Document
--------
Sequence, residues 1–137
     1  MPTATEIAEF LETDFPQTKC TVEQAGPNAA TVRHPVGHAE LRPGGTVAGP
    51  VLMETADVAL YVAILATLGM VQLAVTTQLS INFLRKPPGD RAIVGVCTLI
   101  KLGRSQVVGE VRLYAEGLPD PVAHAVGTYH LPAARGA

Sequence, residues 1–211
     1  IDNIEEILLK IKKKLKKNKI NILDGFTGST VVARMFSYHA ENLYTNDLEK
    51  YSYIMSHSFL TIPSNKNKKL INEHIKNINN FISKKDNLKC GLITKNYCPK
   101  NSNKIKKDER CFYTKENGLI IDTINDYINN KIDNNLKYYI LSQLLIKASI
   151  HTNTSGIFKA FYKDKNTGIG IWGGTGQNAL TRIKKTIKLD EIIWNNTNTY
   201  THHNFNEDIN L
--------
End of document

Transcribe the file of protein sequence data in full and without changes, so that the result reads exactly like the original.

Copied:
Sequence, residues 1–137
     1  MPTATEIAEF LETDFPQTKC TVEQAGPNAA TVRHPVGHAE LRPGGTVAGP
    51  VLMETADVAL YVAILATLGM VQLAVTTQLS INFLRKPPGD RAIVGVCTLI
   101  KLGRSQVVGE VRLYAEGLPD PVAHAVGTYH LPAARGA

Sequence, residues 1–211
     1  IDNIEEILLK IKKKLKKNKI NILDGFTGST VVARMFSYHA ENLYTNDLEK
    51  YSYIMSHSFL TIPSNKNKKL INEHIKNINN FISKKDNLKC GLITKNYCPK
   101  NSNKIKKDER CFYTKENGLI IDTINDYINN KIDNNLKYYI LSQLLIKASI
   151  HTNTSGIFKA FYKDKNTGIG IWGGTGQNAL TRIKKTIKLD EIIWNNTNTY
   201  THHNFNEDIN L